(Photo from www.focusweb.org)
Groups from Southeast Asia amplify demands for urgent action to address climate crisis in the wake of catastrophe in the Philippines
Bangkok, 20 November 2013
Civil society organizations and networks from Southeast Asia, who gathered in Bangkok for a two-day regional conference on emissions cuts and low-carbon alternatives, stressed today their common demand for urgent actions from government’s both in the North and the South to address the climate crisis.
The group expressed their strong solidarity with the people of the Philippines who continue to suffer in the wake of the devastation wrought by super typhoon Haiyan/Yolanda. “The climate catastrophe in the Philippines is another sad reminder of how vulnerable we all are in the face of such extreme weather events; and a deafening wake-up call for governments to act now towards a global solution to climate change” according to the group.
Reflecting on the on-going Conference of Parties (COP19) in Warsaw, Poland, the climate justice activists lamented the failure yet again of the UN sanctioned climate talks to move forward on a global agreement to address climate change despite the clear and mounting economic and social costs of inaction.
“Instead of moving closer towards an ambitious agreement that will reduce green house gas emissions to levels that are necessary to prevent runaway climate change, the talks are regressing as the rich and industrialized countries led by the United States, Japan, Australia and Canada downscale their mitigation commitments. There is also a failure to deliver on finance and loss and damage demands, which are part of the calls from developing countries for reparations. This intransigence and backsliding is tantamount to a global ‘harakiri’.”
The groups however delivered a strong message as well to their own governments criticizing the pursuit of an ‘extractivist’, export oriented, corporate driven development model that increases emissions, exacerbates climate change, destroys the environment, jeopardizes food security, and displaces and marginalizes communities. A central component of this unsustainable and inequitable development model they say is the strategy of securing free trade and investment agreements, land concessions, and various other contracts.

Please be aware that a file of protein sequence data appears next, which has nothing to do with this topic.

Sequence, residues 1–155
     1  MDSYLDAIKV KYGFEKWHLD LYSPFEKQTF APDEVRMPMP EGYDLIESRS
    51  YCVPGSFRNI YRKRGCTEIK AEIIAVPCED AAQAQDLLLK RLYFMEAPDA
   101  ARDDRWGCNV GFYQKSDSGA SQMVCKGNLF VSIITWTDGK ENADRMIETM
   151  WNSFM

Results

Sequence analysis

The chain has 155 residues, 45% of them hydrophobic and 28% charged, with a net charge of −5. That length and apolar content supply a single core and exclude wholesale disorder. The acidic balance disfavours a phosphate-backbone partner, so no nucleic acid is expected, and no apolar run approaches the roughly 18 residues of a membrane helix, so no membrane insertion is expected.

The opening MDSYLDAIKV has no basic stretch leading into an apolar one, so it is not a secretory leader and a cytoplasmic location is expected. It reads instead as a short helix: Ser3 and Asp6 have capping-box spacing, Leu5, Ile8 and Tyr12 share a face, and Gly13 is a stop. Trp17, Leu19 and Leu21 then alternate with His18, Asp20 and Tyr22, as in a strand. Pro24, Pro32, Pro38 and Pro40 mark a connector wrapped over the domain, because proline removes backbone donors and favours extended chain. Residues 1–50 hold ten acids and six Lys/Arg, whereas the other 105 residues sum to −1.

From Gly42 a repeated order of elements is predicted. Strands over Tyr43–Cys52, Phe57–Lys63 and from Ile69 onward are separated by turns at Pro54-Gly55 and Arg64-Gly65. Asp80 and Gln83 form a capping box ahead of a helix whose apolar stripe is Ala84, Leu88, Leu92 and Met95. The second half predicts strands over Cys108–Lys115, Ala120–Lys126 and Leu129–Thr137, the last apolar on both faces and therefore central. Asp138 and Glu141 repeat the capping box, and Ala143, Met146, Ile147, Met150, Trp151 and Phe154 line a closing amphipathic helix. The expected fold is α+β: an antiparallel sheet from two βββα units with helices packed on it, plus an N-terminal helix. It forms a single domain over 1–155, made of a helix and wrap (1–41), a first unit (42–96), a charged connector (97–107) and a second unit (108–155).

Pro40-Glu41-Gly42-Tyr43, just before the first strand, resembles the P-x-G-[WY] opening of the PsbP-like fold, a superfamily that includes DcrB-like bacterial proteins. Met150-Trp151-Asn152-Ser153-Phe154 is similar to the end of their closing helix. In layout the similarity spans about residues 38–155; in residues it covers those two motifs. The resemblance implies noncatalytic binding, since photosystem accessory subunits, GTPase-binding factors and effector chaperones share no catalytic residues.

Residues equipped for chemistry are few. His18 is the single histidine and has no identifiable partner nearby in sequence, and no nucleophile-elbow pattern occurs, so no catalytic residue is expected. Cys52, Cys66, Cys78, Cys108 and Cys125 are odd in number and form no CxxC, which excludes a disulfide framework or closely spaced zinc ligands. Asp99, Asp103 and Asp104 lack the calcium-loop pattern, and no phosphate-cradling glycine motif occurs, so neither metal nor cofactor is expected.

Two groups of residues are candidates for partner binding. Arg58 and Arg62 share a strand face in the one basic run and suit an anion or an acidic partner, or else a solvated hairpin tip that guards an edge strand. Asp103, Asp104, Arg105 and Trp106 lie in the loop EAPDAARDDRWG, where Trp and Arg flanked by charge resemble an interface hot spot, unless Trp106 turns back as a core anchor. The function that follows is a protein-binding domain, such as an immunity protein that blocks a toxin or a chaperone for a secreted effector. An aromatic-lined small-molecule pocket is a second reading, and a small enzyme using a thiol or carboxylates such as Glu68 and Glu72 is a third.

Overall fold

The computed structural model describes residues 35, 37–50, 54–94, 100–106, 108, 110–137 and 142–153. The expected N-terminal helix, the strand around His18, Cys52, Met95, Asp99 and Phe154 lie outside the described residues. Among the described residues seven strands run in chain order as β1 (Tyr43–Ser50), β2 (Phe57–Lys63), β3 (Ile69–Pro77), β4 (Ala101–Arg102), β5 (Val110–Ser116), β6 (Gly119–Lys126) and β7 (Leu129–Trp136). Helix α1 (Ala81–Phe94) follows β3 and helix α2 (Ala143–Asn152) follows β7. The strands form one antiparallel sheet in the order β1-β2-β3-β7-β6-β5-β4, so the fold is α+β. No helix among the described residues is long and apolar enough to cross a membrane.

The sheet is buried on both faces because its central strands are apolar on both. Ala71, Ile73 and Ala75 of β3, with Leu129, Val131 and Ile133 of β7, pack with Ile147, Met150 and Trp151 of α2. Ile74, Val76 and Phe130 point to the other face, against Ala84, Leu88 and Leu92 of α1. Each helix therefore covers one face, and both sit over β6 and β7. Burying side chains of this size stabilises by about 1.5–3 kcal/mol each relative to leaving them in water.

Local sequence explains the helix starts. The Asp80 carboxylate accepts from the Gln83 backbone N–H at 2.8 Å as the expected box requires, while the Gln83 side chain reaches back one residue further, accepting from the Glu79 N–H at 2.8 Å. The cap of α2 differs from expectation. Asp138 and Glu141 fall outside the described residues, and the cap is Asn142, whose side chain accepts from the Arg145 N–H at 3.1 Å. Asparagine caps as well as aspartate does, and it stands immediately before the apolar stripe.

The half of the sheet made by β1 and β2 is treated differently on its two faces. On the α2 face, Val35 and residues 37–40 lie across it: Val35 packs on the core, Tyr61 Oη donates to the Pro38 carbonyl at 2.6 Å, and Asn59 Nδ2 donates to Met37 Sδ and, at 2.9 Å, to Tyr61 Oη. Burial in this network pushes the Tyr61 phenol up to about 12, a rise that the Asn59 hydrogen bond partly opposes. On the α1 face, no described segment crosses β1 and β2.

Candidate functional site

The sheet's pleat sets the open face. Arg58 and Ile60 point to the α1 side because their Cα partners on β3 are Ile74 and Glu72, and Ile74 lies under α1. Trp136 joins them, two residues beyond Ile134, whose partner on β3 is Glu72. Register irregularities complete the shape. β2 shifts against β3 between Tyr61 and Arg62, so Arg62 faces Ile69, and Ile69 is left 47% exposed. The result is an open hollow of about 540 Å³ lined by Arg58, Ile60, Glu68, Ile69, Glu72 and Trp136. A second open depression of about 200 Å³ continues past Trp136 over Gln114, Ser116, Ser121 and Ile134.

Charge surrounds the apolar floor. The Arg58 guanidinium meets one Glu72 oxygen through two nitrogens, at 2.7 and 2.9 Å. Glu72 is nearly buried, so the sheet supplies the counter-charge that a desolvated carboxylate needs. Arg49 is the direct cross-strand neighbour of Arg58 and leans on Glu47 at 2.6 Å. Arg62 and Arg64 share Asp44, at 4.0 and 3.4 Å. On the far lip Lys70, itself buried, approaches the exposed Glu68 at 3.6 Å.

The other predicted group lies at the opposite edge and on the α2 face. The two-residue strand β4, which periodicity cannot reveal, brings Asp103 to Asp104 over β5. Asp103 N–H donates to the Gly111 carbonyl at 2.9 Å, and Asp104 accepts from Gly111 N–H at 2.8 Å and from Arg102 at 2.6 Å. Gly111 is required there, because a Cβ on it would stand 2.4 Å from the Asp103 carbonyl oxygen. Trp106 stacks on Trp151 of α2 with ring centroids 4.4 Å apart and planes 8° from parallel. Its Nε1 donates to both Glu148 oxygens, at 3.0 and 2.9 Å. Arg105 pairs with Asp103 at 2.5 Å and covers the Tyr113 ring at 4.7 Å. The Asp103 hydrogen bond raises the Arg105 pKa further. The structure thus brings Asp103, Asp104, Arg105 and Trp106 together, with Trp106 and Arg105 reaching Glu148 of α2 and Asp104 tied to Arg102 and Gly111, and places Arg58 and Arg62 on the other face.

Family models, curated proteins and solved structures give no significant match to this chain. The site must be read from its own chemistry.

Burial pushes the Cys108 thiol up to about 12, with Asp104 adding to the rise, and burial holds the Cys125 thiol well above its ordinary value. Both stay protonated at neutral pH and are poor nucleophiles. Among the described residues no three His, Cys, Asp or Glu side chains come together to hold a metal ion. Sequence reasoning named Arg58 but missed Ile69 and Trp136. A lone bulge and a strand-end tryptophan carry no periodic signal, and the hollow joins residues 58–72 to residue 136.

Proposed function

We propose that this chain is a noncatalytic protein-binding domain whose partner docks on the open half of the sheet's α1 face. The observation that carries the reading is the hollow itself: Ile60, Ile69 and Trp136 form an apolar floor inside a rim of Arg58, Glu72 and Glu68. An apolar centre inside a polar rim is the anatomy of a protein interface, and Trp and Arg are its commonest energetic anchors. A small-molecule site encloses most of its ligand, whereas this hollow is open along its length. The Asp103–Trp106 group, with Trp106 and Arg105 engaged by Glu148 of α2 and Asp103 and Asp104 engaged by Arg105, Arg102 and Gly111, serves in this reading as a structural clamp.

The critique of ASEAN adherence to the growth model and the peoples resistance to large-scale investment projects pursued in the name of development are at the core of the campaign for climate justice in Southeast Asia. Among the key investments identified as sites of struggle are: coal power plant projects in several areas in Indonesia, Philippines and Thailand and palm oil plantations in Indonesia. The groups vowed to provide regional solidarity and support to on-going struggles in these areas led by communities affected by these investments.
The groups likewise committed to work together and coordinate campaigns and actions to heighten public awareness, influence national policies, and contribute to amplifying demands for just solutions to climate change in three main areas: Southeast Asia’s rising energy demand and the inequality in energy use created by the development path pursued by ASEAN; Energy production and the push for more dirty energy projects; and Resource grabbing (land and water) and the push for false solutions to climate change.
The groups committed to intensify campaigns at the national level and coordinate actions at the regional level to challenge the ASEAN development model and to push for systemic alternatives in the wake of the climate crisis. #
Thai Working Group on Climate Justice
(TCJ)Philippine Movement for Climate Justice (PMCJ)
Civil Society Forum for Climate Justice in Indonesia (CSF-CJI)